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Cider Recipe – Pumpkinhead Cider

02 Aug

Pumpkinhead Cider capSeasonal brews can become great annual traditions: fruit-filled drinks for the summer, spiced drinks for the winter, and so forth. The catch is that you have to plan ahead. If you want a good Octoberfest brew, you need to start making it no later than August! If you start one now, it will be ready to drink well before Halloween.

With that in mind, I present a new seasonal cider for your enjoyment: Pumpkinhead Cider. I made a test batch last year and am starting a new batch now. This recipe combines standard cider ingredients with most of the ingredients for a pumpkin pie. Pumpkin pie filling is a great shortcut for a pumpkin-based brew because it includes the spices needed to make the pumpkin flavor stand out.

Remember, you can tweak my recipes to your own liking. I included a few options in the recipe below. For example, to keep the dark, rich flavor and color associated with most breweries’ Octoberfest varieties, I recommend using either brown sugar (medium darkness) or molasses (very dark) instead of white sugar. I have tried molasses in the standard Panda Beer with great success. I am also trying out different acid blends, which bring out different aspects of the apple flavor.

Ingredients:

  • 6 gallons apple juice
  • 1 cup brown sugar or molasses (your choice)
  • 1/2 cup honey
  • 30-oz. canned pumpkin (one large can)
  • 60-oz. pumpkin pie filling (two large cans)
  • 2 Tbs. malic acid or an acid blend (try 2 tsp. each of malic, tartaric, and citric acid for a sharper flavor)
  • 2 Tbs. vanilla extract
  • 2 Camden tablets (150 ppm)
  • Champagne yeast (such as Lalvin EC-118 or Red Star Pasteur Champagne yeast)
  • Dissolved in two cups of warm water and added right before bottling:
    • 3/4 cup priming sugar
    • 3/4 cup lactose
    • 3/4 cup maltodextrin
  • Follow standard brewing procedureswith a slight variation:
    • When starting the batch, pour all of your pumpkin into a mesh bag (nylon or muslin), tie it shut, and simmer it for 20 minutes in apple juice. Put the bag of pumpkin in your brewing bucket for the first stage and then dispose of it when you rack the cider into a clean carboy.
    • If you don’t have an appropriate bag, you can add the pumpkin straight to the juice; the only drawback is that you will probably end up with more pumpkin sediment left in the cider.
 

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  1. Eric

    07/12/2013 at 12:40 pm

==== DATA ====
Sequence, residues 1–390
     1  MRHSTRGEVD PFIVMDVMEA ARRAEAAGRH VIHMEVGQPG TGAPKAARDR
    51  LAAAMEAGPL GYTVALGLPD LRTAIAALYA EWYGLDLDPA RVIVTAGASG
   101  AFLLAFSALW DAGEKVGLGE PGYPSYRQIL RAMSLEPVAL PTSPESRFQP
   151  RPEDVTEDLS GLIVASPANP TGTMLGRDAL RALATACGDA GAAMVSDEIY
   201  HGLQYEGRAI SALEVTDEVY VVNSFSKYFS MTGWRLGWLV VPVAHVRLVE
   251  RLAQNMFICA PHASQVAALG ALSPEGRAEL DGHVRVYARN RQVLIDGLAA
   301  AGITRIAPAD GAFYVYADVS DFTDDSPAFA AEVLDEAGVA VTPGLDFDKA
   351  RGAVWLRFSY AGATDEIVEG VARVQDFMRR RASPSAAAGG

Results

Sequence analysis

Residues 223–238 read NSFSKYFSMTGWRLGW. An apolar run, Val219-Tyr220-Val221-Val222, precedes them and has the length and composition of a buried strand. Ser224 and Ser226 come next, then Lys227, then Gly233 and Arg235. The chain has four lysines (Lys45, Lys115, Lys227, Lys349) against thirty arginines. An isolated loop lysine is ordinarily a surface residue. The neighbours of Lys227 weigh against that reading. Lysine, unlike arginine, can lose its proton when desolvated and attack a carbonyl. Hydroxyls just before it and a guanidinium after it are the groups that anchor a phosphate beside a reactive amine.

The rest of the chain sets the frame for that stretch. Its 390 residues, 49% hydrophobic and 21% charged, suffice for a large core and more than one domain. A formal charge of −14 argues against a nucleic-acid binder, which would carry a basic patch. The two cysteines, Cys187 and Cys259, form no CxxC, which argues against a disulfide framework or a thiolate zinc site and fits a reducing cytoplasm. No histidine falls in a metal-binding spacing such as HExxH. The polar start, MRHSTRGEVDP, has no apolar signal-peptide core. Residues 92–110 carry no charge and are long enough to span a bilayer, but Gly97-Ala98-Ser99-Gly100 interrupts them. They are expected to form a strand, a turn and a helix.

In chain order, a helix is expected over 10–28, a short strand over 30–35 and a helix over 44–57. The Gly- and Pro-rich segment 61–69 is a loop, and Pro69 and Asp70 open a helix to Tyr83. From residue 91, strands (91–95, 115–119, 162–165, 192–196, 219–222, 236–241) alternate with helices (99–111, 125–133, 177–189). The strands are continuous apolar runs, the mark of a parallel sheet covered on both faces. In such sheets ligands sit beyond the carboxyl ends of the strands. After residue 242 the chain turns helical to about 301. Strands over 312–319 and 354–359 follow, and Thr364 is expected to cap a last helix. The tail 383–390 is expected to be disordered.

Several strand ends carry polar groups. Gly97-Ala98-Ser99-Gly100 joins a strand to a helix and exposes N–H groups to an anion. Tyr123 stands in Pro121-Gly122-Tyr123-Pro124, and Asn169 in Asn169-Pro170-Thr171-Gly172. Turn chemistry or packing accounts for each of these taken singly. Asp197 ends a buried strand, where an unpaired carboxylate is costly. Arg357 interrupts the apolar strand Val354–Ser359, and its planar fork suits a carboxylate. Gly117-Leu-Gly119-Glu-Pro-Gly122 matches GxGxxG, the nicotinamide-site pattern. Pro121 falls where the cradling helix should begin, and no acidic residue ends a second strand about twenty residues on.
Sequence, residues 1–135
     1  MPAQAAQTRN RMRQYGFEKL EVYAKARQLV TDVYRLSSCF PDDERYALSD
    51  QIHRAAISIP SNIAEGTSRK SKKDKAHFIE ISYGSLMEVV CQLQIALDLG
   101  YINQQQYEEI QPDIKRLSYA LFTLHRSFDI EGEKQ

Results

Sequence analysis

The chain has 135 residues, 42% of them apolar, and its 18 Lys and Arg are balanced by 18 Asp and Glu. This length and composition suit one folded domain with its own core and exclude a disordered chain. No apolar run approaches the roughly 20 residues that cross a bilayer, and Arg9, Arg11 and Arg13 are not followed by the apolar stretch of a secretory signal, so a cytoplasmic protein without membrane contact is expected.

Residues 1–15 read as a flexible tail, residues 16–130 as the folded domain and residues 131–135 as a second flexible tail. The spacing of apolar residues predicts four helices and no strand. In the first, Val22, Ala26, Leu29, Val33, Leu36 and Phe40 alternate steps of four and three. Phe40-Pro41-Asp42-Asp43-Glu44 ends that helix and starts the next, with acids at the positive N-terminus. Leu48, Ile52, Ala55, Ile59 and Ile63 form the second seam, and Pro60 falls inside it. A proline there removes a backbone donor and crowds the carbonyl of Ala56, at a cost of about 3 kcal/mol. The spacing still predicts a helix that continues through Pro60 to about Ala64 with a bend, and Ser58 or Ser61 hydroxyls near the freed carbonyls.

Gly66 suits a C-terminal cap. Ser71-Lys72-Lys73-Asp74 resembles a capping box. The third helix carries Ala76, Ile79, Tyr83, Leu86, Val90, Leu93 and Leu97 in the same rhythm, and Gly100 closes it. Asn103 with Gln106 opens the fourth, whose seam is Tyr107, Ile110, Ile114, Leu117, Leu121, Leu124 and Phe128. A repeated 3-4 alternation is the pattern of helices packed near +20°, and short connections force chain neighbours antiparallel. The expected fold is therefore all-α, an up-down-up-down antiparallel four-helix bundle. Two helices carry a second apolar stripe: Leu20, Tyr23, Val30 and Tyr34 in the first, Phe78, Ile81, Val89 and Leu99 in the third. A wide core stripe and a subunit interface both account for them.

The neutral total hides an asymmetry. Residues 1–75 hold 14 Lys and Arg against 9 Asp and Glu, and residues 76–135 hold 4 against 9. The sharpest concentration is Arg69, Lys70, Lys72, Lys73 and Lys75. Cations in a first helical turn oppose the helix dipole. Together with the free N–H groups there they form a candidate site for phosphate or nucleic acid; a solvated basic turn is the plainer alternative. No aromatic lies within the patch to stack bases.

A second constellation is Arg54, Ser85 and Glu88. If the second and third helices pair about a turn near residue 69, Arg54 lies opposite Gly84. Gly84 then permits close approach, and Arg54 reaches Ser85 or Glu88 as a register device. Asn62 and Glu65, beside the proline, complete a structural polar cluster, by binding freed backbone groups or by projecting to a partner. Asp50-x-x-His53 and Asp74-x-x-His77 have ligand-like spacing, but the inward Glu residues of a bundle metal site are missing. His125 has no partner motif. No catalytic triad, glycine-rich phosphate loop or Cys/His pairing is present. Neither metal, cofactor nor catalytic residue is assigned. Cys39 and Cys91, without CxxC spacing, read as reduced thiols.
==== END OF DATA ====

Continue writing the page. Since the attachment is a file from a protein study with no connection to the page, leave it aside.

Do I need to put both the canned pumpkin and the pumpkin pie filling in the muslin bag and boil?

    I am excited to start this brew – is there any commercial product with a similar flavor?

     
  2. Eric

    08/13/2013 at 2:14 pm

    Ok, I have this recipe in bottles – first tasting in a few weeks. I’m getting hooked on these recipes – I already have a 5 gallon batch of the “Mr. Pink” in primary and I am going to try the Panda Beer next.

     
  3. kibbles and bits

    03/19/2014 at 6:31 pm

    Hello Drew,
    Looking to start this one next week.
    Saw you made it some time ago and was wondering
    if you’ve made any modification.
    Again, I’m looking to use cider instead of juice
    and was looking to get your feedback, maybe a
    higher ABV?
    Thanks
    K

     
  4. Drew

    03/22/2014 at 12:49 pm

    K,

    I can confirm that this recipe turns out great; it is best after aging for at least 6 months, so it’s a good idea to be patient.

    To make the recipe simpler, it’s fine to eliminate the plain pumpkin and use pumpkin pie filling only (it’s easier to find anyway). The sugar content is different, but you can use my specific gravity calculator to decide how much to add to achieve the alcohol content you’re aiming for.

    If you want to drink this in the fall, I would brew it now!

     
  5. Drew

    03/22/2014 at 12:57 pm

    BTW, the muslin bag is optional — the bag would reduce the amount of sediment in your finished cider, but you can leave almost all of the sediment in the bottle anyway if you pour carefully. I’ve been adding fruit without the bag lately and have found that you get good results even if all of your ingredients are loose inside the fermenter.

     
  6. kibbles and bits

    03/29/2014 at 12:09 am

    Made the pumpkin batch on 3/28/14.
    Really increased the sugar content.
    - 4 cups light brown organic sugar
    - 1bs of organic honey
    - 540ml of syrup
    - organic golden raisins for yeast nutrient
    -Lalvin 1116 yeast

    The pumpkin and raisins all went into a cheese cloth bag.
    Heated and steeped for 30 minutes.
    Left the bag in and continued to steep for almost an extra 20 more minutes.
    I then put everything into the carboy except for what was left in the bag, it was going to be too messy and it had steeped enough.
    Gonna add the vanilla tomorrow but right now fermentation is going wild.
    I’ll let you know how it turns out.